Great Red Spot winds accelerating on Jupiter
Great Red Spot winds speeding up
Since people invented the telescope in the 1600s, eyes have been focused on Jupiter. The earliest sighting of the Great Red Spot, a humongous storm on Jupiter, might have been in 1665. Skywatchers observed the giant swirling storm sporadically between 1831 and 1879. Then regular observations began, and astronomers did their best to monitor it from Earth. Their observations ramped up dramatically in 2009, when the Hubble Space Telescope turned its razor-sharp eye on the Great Red Spot. On September 27, 2021, scientists announced they’ve learned that – from 2009 to 2020 – the winds in the outermost ring of the Great Red Spot are speeding up. They said these studies will let us learn more about Earth’s atmosphere.
The data from the Hubble Space Telescope show that the counterclockwise wind speeds in the outermost region of the Great Red Spot have increased by 8% between 2009 and 2020. Scientists call this zone of the Great Red Spot the high-speed ring, with good reason. Winds now top 400 miles per hour (almost 650 kph) in this zone. Meanwhile, the speed of the winds toward the center of the storm is decreasing.
When I initially saw the results, I asked ‘Does this make sense?’ No one has ever seen this before.
We find that the average wind speed in the Great Red Spot has been slightly increasing over the past decade. We have one example where our analysis of the two-dimensional wind map found abrupt changes in 2017 when there was a major convective storm nearby.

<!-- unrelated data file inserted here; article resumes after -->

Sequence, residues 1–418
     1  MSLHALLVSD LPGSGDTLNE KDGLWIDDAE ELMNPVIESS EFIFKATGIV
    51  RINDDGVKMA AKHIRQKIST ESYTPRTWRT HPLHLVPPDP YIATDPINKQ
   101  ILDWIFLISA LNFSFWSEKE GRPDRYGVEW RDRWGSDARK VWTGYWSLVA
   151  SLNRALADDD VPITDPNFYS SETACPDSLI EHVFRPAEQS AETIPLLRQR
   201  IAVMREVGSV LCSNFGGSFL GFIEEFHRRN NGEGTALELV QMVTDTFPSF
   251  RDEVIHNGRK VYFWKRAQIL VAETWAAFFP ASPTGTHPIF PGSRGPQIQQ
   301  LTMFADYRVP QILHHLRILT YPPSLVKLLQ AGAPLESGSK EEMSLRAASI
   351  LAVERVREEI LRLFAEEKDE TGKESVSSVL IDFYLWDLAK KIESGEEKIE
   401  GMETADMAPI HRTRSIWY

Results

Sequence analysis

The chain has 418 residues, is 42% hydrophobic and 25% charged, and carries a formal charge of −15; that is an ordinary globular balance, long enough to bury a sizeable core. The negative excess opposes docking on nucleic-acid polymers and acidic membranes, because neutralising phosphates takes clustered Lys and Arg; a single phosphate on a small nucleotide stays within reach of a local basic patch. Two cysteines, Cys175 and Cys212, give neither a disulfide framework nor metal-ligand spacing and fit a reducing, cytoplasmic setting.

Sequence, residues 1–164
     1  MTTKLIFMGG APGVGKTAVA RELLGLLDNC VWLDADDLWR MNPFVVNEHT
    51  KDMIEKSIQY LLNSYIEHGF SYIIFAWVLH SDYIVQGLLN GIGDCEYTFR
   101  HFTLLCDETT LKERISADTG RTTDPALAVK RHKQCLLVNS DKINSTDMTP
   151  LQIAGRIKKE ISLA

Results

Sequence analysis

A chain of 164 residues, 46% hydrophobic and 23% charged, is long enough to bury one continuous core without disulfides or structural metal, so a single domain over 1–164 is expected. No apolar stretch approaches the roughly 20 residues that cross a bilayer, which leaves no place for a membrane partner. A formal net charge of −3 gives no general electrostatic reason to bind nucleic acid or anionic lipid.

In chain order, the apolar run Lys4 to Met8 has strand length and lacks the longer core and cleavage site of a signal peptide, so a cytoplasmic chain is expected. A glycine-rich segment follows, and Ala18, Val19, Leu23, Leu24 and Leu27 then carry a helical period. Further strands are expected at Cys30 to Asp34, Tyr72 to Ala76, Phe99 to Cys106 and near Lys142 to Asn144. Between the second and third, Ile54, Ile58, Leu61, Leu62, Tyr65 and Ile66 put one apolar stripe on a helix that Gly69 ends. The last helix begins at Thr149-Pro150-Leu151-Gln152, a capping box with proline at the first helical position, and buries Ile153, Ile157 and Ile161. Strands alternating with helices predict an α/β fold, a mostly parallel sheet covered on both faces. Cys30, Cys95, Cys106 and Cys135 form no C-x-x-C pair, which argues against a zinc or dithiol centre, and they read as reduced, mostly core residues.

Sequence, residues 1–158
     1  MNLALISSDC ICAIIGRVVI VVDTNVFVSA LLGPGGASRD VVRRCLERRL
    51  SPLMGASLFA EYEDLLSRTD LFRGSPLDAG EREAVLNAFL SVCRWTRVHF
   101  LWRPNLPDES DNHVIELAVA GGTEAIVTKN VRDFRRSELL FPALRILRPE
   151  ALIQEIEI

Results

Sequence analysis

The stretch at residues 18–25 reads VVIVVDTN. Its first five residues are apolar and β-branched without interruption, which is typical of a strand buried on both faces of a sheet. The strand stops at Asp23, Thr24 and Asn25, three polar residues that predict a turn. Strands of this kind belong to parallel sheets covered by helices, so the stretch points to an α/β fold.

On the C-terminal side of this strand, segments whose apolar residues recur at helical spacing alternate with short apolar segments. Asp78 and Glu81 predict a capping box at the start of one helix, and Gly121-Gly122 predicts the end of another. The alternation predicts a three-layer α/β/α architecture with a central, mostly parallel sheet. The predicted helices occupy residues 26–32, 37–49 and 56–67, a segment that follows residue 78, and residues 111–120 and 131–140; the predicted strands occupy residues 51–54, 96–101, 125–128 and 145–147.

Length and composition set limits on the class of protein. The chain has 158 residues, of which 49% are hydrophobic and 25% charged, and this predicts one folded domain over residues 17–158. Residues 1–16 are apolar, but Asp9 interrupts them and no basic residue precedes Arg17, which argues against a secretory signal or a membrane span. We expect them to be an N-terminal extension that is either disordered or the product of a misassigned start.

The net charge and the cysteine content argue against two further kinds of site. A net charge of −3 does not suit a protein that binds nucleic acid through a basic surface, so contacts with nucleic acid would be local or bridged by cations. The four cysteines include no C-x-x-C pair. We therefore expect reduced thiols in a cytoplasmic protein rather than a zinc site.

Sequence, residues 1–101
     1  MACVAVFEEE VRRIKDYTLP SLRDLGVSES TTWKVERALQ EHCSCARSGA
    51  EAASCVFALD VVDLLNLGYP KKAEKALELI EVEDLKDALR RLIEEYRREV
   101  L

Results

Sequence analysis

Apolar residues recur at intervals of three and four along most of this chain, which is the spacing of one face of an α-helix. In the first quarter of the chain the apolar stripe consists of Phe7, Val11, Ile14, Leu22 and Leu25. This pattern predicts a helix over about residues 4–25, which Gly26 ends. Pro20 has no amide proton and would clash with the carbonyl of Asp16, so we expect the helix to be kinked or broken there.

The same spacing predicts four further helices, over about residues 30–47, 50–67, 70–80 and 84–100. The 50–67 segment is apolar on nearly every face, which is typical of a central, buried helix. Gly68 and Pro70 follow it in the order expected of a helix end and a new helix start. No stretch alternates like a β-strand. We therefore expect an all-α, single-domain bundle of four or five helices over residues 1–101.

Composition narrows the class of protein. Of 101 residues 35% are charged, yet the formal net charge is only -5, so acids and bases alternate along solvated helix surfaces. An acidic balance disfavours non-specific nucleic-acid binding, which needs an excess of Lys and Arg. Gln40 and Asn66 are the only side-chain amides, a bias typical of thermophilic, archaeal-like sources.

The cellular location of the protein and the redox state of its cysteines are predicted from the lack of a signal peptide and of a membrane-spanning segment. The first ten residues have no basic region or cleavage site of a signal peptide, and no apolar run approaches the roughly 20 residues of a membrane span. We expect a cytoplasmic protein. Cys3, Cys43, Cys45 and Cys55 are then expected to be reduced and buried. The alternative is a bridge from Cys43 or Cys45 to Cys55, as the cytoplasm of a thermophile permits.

Hubble is Jupiter’s storm tracker
Hubble measured wind speeds that changed about 1.6 mph (2.5 kph) per Earth year. The space telescope can spot features in the Great Red Spot that are as small as 105 miles (177 km) across. Amy Simon of NASA’s Goddard Space Flight Center said:
We’re talking about such a small change that if you didn’t have eleven years of Hubble data, we wouldn’t know it happened. With Hubble we have the precision we need to spot a trend.
Wong used software to track hundreds of vectors of direction and speed in the Great Red Spot. Every time Hubble observed Jupiter, the software took new measurements. Wong said:
It gave me a much more consistent set of velocity measurements. I also ran a battery of statistical tests to confirm if it was justified to call this an increase in wind speed. It is.
A history of change on the Great Red Spot
The Great Red Spot is always changing, not just with wind speeds. Sometimes observers report it paler or darker, and over the past 100 years it’s been shrinking and growing rounder. In the 1800s, scientists said it was three times the size of Earth, while now it is a bit larger than the diameter of Earth.
Researchers can take what they learn at Jupiter and apply it to storm systems seen on other planets, such as Neptune. By comparing storms on different worlds, they can begin to understand what drives these storms and causes them to persist or fade away.
Bottom line: Winds in Jupiter’s Great Red Spot have been speeding up over the past decade, according to data from the Hubble Space Telescope.